Motor Case

The case not only contains the propellant grain, but also serves as a highly loaded pressure vessel. Case design and fabrication technology has progressed to where efficient and reliable motor cases can be produced consistently for any solid rocket application. Most problems arise when established technology is used improperly or from improper design analysis, understating the requirements, or improper material and process control, including the omission of nondestructive tests at critical points in the fabrication process. Case design is usually governed by a combination of motor and vehicle requirements. Besides constituting the structural body of the rocket motor with its nozzle, propellant grain, and so on, the case frequently serves also as the primary structure of the missile or launch vehicle. Thus the optimization of a case design frequently entails trade-offs between case design parameters and vehicle design parameters. Often, case design is influenced by assembly and fabrication requirements.

Table 14-1 lists many of the types of loads and their sources; they must be considered at the beginning of a case design. Only some of them apply to any one rocket motor application. In addition, the environmental conditions peculiar to a specific motor and its usage must be carefully considered. Typically, these conditions include the following: (1) temperature (internal heating, aerodynamic heating, temperature cycling during storage, or thermal stresses and strains); (2) corrosion (moisture/chemical, galvanic, stress corrosion, or hydrogen embrittlement); (3) space conditions: vacuum or radiation.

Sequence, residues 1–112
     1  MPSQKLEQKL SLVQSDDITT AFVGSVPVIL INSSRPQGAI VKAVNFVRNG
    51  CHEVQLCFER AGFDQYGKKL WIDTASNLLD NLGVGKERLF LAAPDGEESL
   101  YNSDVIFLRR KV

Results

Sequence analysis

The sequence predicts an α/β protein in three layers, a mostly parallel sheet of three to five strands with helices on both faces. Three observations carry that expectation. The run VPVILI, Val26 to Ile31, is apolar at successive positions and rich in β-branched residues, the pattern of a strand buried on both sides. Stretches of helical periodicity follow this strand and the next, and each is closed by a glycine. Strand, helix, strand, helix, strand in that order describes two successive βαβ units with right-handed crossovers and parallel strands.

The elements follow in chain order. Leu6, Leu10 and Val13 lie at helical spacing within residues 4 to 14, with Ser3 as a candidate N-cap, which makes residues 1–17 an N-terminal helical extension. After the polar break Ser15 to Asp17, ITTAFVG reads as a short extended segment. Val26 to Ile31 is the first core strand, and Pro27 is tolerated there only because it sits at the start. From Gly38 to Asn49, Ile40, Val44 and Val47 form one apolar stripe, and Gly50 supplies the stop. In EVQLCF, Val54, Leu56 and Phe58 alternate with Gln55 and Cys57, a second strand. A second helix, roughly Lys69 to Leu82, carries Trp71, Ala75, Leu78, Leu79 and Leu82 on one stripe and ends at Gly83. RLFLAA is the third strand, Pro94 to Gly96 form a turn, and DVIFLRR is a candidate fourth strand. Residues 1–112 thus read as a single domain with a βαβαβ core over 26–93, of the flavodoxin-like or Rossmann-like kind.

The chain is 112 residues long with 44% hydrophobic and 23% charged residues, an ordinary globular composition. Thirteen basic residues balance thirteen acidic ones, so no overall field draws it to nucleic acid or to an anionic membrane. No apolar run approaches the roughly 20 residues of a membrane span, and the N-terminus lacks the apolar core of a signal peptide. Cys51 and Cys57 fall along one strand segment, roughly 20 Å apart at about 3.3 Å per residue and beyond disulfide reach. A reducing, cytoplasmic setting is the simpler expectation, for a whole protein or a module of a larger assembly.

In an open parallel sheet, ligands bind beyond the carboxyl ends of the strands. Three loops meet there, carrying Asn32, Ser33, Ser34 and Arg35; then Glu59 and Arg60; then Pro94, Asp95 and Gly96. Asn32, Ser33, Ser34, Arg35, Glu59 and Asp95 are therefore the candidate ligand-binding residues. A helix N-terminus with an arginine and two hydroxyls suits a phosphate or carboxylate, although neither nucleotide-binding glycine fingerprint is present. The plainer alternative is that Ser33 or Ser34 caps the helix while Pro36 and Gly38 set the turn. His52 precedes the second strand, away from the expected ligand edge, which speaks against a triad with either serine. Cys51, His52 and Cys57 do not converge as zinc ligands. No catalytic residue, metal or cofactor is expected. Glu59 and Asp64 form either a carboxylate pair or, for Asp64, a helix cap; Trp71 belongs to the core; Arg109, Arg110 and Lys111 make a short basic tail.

Three classes of materials have been used: high-strength metals (such as steel, aluminum, or titanium alloys), wound-filament reinforced plastics, and a combination of these in which a metal case has externally wound filaments for extra strength. Table 14-2 gives a comparison of several typical materials. For filament-reinforced materials it gives the data not only for the composite material, but also for several strong filaments and a typical binder. The strength-to-density ratio is higher for composite materials, which means that they have less inert mass. Even though there are some important disadvantages, the filament-wound cases with a plastic binder are usually superior on a vehicle performance basis. Metal cases combined with an external filament-wound reinforcement and spiral-wound metal ribbons glued together with plastic have also been successful.

The shape of the case is usually determined from the grain configuration or from geometric vehicle constraints on length or diameter. The case configurations range from long and thin cylinders (L/D of 10) to spherical or near-

TABLE 14-1. Rocket Motor Case Loads

Origin of Load

Type of Load/Stress

Internal pressure

Tension biaxial, vibration

Axial thrust

Axial, vibration

Motor nozzle

Axial, bending, shear

Thrust vector control actuators

Axial, bending, shear

Thrust termination equipment

Biaxial, bending

Aerodynamic control surfaces or wings

Tension, compression, bending, shear,

mounted to case



Bending, shear

Flight maneuvering

Axial, bending, shear, torsion

Vehicle mass and wind forces on launch

Axial, bending, shear


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